1837 - Small pox redux

Joshua Pilcher attempted to innoculate Missouri River Indians against small pox, but his efforts proved to be too little too late in 1837

        Hoping to stop the spread of small pox, Indian Agent Joshua Pilcher persuaded William Clark to send him up the Missouri with Dr. Josephy Prefontaine and a supply of vaccines.  They sailed on the American Fur Company steamboat, Antelope, picking their way along the crowded levee in St. Louis below the 'badly drained, filthy and fly infested river front,' and set off on their trip.  They distributed food to starving tribes and began the inoculations.  Dr. Fontaine estimated that he inoculated 3,000 Sioux, but at least 17,000 had died of the disease the previous year.

Small Pox

  The small pox outbreak of 1837, which is believed to have been brought ashore on blankets owned by passengers on the steamboat St. Ange, spared fewer than a hundred Mandan (and killed many thousands of other plains tribes).  This was one of twenty-nine identified ''plagues' between 1519-1900 that decimated Native American populations in the Americas.

(for more on the Mandans, click here)

         This was a perilous journey for Pilcher and the doctor.   They realized that the Indians were certain to blame them for bringing this invisible killer into their midst, yet the two men were willing to take the chance.  The greatest setback was not having enough vaccine to continue travelling up the Missouri to the Mandan Villages.

         "The question that keeps cropping up is the assignment of blame," wrote Pilcher.  (for more on small pox, click here)

 On June 19, three Arikara women disembarked from the American Fur Company's steamboat,St. Peter,sat Fort Clark, and then disappeared among the throngs of Mandans waiting at the boat landing.  Two weeks later, the resident trader at Fort Clark, a half-breed alcoholic cur named F.A. Chardon, wrote to William Clark that "the small pox has broken out in this country and is sweeping all before it.  Unless it be checked in its mad career I would not be surprised if it wiped the Mandan and Ricaree tribes clean from the face of the earth."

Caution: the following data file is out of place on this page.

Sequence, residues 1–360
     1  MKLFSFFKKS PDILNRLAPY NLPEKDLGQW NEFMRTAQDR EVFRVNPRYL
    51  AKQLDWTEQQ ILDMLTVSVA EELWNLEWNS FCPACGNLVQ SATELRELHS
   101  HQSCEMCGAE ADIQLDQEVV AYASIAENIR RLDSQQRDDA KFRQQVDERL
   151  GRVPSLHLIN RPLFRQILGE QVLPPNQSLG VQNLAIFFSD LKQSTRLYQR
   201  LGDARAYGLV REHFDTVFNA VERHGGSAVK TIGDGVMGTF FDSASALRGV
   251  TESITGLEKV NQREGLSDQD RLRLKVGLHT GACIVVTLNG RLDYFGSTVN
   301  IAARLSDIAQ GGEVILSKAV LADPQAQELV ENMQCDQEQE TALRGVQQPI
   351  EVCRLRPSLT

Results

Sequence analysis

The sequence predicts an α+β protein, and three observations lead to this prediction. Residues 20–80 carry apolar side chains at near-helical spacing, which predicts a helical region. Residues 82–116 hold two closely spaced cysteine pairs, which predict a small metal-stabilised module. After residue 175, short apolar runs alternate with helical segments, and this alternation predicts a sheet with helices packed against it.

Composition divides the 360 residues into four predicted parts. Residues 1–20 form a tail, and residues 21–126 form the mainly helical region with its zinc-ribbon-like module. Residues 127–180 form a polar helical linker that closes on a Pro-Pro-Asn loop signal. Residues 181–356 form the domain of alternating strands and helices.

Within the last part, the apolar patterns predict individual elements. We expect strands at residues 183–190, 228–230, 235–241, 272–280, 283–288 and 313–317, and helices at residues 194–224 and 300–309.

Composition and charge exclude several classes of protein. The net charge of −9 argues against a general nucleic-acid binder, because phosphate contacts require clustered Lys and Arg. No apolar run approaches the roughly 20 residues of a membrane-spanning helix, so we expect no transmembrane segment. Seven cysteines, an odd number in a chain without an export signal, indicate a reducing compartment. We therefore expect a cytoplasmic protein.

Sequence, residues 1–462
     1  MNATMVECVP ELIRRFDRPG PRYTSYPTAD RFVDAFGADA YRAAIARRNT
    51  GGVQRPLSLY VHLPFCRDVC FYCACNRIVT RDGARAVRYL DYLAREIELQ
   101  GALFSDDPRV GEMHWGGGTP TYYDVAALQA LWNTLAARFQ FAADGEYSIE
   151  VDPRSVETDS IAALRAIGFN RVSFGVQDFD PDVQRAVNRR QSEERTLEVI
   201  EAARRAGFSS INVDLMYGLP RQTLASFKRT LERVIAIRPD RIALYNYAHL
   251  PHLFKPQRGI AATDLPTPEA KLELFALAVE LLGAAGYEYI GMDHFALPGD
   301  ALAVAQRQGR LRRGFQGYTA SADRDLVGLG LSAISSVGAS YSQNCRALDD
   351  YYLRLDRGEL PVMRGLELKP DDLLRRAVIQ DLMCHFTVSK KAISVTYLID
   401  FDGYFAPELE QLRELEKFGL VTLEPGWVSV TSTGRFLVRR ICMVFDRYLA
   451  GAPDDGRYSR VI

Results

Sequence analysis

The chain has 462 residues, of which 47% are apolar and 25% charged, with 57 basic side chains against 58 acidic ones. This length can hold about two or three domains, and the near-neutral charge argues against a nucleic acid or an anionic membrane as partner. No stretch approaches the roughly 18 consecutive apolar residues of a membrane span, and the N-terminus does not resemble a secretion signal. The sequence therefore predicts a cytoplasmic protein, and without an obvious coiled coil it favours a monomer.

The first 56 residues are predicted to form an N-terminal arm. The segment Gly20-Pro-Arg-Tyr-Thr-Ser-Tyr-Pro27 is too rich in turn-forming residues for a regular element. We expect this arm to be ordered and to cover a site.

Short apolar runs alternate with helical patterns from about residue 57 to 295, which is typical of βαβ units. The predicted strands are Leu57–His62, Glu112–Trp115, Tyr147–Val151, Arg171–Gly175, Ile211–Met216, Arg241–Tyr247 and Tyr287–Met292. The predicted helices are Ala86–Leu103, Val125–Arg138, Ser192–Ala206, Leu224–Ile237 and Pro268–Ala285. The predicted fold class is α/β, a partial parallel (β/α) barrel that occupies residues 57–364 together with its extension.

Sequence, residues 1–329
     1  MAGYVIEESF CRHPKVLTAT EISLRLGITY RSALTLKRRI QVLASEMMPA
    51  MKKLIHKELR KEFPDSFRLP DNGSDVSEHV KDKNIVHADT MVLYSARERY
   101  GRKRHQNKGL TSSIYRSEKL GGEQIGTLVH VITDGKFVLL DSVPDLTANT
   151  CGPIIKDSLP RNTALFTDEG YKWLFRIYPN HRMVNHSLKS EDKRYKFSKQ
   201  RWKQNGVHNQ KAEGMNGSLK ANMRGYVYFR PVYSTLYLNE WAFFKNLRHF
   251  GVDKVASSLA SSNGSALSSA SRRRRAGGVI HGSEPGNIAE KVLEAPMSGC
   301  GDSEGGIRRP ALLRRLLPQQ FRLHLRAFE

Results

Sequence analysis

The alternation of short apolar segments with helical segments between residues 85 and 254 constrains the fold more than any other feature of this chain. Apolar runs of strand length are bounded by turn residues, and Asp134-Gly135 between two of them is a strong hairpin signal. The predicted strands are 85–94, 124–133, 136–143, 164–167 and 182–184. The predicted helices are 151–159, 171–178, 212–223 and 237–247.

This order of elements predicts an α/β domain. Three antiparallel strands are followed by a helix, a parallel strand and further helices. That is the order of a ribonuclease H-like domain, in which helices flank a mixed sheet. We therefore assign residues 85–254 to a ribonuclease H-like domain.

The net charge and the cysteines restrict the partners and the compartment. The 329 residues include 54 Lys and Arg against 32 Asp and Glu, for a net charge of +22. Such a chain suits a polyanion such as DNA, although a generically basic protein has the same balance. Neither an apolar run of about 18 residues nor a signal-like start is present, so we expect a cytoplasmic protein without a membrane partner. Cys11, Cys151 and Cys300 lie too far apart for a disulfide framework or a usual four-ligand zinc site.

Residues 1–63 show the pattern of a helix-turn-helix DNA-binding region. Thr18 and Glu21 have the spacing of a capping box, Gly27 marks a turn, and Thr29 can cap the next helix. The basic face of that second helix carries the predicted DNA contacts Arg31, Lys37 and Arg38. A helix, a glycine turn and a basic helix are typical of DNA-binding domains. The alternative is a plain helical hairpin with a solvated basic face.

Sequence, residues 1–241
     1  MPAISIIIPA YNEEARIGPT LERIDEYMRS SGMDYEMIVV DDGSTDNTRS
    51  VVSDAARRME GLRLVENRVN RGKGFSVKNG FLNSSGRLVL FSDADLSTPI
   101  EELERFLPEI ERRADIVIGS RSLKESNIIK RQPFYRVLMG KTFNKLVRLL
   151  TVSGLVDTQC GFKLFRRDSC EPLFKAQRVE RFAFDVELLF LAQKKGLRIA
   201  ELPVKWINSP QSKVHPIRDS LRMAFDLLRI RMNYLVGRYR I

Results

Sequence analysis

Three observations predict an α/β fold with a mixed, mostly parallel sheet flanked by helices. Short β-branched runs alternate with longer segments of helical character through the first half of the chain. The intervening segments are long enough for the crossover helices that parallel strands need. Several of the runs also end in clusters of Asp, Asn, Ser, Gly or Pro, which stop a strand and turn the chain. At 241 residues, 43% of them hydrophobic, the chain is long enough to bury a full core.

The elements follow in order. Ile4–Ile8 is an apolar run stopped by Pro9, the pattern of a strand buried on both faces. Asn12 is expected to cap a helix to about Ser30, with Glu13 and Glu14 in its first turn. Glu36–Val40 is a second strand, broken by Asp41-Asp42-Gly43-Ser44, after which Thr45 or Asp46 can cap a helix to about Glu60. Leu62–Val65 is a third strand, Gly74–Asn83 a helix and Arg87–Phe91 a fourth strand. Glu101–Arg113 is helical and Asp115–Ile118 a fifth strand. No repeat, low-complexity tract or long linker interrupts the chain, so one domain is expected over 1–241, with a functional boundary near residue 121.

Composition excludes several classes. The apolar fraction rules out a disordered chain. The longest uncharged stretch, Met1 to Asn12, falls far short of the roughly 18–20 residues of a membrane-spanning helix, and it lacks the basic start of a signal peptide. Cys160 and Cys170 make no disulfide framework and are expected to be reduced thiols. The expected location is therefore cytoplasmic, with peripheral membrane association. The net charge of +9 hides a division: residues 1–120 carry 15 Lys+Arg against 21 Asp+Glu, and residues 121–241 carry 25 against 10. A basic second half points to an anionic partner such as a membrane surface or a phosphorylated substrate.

(for more on small pox and Indian tribes, click here)

         The most serious criminal charge that could be brought against the company that owned the steamboat was negligence.  The company sent the St. Peter farther upstream, even after the deadly illness had been discovered aboard.  No one in the company wanted to see anything happen to the Indians, for without Indians they had no trade.  Nevertheless, the captain of the ship bore a good deal of the responsibility for devastating a fur industry that was already struggling.  The hostility that resulted from the epidemic influenced trade with the Missouri River tribes for the duration of the fur trade. 

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